Charged in global plot to attack computers: 25-year-old Mexborough man is facing prosecution on both sides of Atlantic

A MEXBOROUGH man has been accused of being part of a global computer hacking group and is facing prosecution by the FBI and Scotland Yard.

Ryan Ackroyd, from Oak Road, was charged on both sides of the Atlantic this week with being involved in an elite hacking organisation known as Lulz Security or LulzSec.

The 25-year-old could face extradition to the US and up to 10 years in prison.

he 25-year-old could face extradition to the US and up to 10 years in prison.

Ackroyd was one of a group of people charged in a federal court in New York.

He also faces separate charges by the Metropolitan Police, following their own investigation into alleged criminal activity of the so-called “hacktivist” group.

Ackroyd is accused of helping to identify weaknesses in targets’ computer systems and breaking down their security to gain confidential information.

He also faces extradition to the US and under American law could face a maximum of 10 years in prison.

No-one was in at the Ackroyd family home when the Times called yesterday morning. But residents described him as a “lovely lad” and claimed he is a former Mexborough School pupil.

The collection of LulzSec hackers have previously claimed responsibility for a variety of cyber attacks on big companies such as Sony and on government agencies including the CIA and FBI.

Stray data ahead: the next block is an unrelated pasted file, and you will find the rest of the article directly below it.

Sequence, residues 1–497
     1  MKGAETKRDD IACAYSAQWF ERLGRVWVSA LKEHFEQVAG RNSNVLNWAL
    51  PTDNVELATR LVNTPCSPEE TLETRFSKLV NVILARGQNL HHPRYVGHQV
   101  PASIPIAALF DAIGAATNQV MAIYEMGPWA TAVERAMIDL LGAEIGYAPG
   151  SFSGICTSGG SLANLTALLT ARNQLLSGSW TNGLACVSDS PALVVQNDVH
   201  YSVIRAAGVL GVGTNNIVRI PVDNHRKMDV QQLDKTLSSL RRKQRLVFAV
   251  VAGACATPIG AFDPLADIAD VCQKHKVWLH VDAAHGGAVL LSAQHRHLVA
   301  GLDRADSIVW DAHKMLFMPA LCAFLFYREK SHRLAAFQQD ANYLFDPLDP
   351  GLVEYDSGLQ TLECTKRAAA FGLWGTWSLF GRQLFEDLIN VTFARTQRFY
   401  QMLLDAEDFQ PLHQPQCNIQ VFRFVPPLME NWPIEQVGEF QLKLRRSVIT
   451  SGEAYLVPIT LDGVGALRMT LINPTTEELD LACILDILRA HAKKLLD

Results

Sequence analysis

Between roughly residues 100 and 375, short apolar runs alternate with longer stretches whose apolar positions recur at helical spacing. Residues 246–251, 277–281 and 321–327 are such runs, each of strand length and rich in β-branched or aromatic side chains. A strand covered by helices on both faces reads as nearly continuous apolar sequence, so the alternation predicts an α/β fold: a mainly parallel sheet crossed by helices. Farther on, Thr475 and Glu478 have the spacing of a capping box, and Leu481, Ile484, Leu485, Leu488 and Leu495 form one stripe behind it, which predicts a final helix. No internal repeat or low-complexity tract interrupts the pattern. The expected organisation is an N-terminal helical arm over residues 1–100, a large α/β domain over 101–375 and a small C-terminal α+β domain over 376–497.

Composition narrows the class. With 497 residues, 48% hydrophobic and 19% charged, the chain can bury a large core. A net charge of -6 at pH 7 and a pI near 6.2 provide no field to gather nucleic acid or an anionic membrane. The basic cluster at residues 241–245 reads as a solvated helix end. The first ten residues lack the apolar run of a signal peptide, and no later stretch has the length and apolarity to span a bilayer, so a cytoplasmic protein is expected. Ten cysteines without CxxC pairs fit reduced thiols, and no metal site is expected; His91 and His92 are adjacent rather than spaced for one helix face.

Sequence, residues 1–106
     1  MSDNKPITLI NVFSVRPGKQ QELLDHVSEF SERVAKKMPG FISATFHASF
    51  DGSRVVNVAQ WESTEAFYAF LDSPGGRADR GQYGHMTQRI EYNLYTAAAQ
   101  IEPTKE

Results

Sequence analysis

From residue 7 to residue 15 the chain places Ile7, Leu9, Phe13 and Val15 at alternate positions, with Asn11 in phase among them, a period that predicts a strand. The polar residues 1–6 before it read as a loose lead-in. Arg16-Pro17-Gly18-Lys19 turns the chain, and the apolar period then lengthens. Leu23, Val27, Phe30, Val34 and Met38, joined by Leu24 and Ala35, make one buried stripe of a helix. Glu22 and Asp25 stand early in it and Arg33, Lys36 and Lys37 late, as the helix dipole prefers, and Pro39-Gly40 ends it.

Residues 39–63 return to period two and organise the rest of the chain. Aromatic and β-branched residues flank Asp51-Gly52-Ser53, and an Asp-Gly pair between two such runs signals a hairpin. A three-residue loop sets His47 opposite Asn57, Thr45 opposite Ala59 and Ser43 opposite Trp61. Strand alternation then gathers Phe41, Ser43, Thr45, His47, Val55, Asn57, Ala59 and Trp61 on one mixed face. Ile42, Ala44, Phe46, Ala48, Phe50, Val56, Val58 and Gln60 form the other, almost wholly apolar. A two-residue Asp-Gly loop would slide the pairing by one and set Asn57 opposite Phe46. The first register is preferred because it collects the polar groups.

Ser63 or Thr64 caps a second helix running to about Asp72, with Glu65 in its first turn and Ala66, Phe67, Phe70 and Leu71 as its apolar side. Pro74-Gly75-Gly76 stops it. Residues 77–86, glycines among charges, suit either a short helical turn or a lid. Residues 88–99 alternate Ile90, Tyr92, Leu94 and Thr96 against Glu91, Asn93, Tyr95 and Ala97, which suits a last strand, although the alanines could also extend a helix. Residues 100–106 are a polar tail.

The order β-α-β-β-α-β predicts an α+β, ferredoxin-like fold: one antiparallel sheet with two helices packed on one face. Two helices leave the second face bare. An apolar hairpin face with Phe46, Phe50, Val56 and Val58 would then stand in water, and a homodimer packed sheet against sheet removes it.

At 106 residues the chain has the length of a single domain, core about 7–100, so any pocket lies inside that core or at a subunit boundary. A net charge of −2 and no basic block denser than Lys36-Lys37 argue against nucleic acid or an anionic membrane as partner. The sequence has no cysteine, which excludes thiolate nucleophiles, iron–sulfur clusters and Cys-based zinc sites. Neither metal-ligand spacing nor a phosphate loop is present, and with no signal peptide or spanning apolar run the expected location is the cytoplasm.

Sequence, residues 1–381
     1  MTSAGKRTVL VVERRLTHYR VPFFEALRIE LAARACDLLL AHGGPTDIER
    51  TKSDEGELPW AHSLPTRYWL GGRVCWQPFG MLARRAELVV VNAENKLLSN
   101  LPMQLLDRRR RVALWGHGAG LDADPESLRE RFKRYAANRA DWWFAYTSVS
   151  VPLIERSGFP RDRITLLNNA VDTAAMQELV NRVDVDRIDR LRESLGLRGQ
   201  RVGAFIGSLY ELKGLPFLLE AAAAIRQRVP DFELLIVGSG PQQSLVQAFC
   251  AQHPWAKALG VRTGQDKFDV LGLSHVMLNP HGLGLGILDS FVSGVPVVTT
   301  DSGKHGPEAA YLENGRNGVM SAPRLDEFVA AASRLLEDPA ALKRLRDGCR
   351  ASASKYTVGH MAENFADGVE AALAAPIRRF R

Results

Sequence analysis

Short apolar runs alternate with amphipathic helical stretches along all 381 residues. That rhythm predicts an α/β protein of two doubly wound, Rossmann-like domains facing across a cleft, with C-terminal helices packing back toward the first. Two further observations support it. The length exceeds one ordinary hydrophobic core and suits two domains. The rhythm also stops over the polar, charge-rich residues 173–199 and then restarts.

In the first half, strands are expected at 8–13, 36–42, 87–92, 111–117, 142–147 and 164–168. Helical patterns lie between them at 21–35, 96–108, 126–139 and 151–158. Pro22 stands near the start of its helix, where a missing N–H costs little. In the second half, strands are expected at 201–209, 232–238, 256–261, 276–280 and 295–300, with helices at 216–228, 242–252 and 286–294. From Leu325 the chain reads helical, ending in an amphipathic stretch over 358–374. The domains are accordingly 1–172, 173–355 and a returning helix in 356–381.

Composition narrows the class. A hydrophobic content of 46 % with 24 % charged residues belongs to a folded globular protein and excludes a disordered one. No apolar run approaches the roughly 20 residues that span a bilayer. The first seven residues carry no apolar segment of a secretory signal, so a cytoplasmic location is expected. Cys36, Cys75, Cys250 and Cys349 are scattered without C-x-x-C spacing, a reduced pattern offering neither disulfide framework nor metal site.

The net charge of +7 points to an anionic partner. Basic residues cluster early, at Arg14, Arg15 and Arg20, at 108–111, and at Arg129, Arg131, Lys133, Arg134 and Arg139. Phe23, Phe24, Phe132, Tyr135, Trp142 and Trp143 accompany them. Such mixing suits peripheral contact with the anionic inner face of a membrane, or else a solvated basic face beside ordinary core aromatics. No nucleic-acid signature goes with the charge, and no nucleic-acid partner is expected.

Swoops on the outfit involved law enforcement agencies in the US and UK.

Ackroyd is due to appear at Westminster Magistrates’ Court on March 16 charged with two counts of conspiracy relating to the use of computers contrary to Section 1 of the Criminal Law Act.

A 17-year-old youth from South London was also charged with the same offence.

Two other men – Ryan Cleary, 19, from Essex, and Jake Davis, 18, from Shetland – have previously been charged with a number of offences under the Criminal Law and Computer Misuse acts in relation to the same inquiry.

Davis is one of the men also charged in the US.

A sixth person, New Yorker Hector Xavier Monsegur, had previously pleaded guilty for his part in the hacking ring and turned informant.

US court papers claim Monsegur was the ringleader and one of the world’s most wanted computer vandals, known in the hacking underworld as “Sabu.”

Authorities said the hacking group led a campaign of deeds against business and government organisations in America and around the world, resulting in the theft of confidential information, the defacing of websites and attacks that temporarily put victims out of business.

Their activities allegedly included attacks on cyber-security firms and the posting of a fake story that murdered rapper Tupac Shakur was alive in New Zealand.

Monsegur was charged with conspiracy to engage in computer hacking, among other offences. He had pleaded guilty on August 15.

US court papers said he was a member of three hacking groups “responsible for multiple cyber attacks on the computer systems of various businesses and governments in the United States and throughout the world.”